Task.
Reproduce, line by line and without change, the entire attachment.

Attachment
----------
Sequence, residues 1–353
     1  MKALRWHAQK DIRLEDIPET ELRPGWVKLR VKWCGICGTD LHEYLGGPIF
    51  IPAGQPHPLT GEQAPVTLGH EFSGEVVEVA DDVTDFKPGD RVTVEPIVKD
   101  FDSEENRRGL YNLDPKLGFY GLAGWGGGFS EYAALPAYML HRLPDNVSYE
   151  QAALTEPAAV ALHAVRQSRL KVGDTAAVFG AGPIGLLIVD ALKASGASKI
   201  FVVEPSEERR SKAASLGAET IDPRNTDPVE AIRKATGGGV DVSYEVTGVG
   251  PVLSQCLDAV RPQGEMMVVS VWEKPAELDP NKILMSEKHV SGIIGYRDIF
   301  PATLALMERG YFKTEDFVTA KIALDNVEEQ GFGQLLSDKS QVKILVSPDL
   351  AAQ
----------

Sequence, residues 1–353
     1  MKALRWHAQK DIRLEDIPET ELRPGWVKLR VKWCGICGTD LHEYLGGPIF
    51  IPAGQPHPLT GEQAPVTLGH EFSGEVVEVA DDVTDFKPGD RVTVEPIVKD
   101  FDSEENRRGL YNLDPKLGFY GLAGWGGGFS EYAALPAYML HRLPDNVSYE
   151  QAALTEPAAV ALHAVRQSRL KVGDTAAVFG AGPIGLLIVD ALKASGASKI
   201  FVVEPSEERR SKAASLGAET IDPRNTDPVE AIRKATGGGV DVSYEVTGVG
   251  PVLSQCLDAV RPQGEMMVVS VWEKPAELDP NKILMSEKHV SGIIGYRDIF
   301  PATLALMERG YFKTEDFVTA KIALDNVEEQ GFGQLLSDKS QVKILVSPDL
   351  AAQ